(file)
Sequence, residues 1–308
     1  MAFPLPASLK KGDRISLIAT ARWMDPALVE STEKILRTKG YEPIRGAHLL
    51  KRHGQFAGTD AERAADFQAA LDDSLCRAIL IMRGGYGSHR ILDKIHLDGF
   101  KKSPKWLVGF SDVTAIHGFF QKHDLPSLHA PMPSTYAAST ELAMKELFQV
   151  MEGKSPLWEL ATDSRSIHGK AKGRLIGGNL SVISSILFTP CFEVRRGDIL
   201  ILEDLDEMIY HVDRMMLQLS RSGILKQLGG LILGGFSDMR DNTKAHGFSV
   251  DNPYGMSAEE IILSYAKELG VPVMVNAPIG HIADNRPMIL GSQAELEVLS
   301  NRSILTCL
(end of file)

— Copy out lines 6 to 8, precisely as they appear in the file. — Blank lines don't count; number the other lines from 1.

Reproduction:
   201  ILEDLDEMIY HVDRMMLQLS RSGILKQLGG LILGGFSDMR DNTKAHGFSV
   251  DNPYGMSAEE IILSYAKELG VPVMVNAPIG HIADNRPMIL GSQAELEVLS
   301  NRSILTCL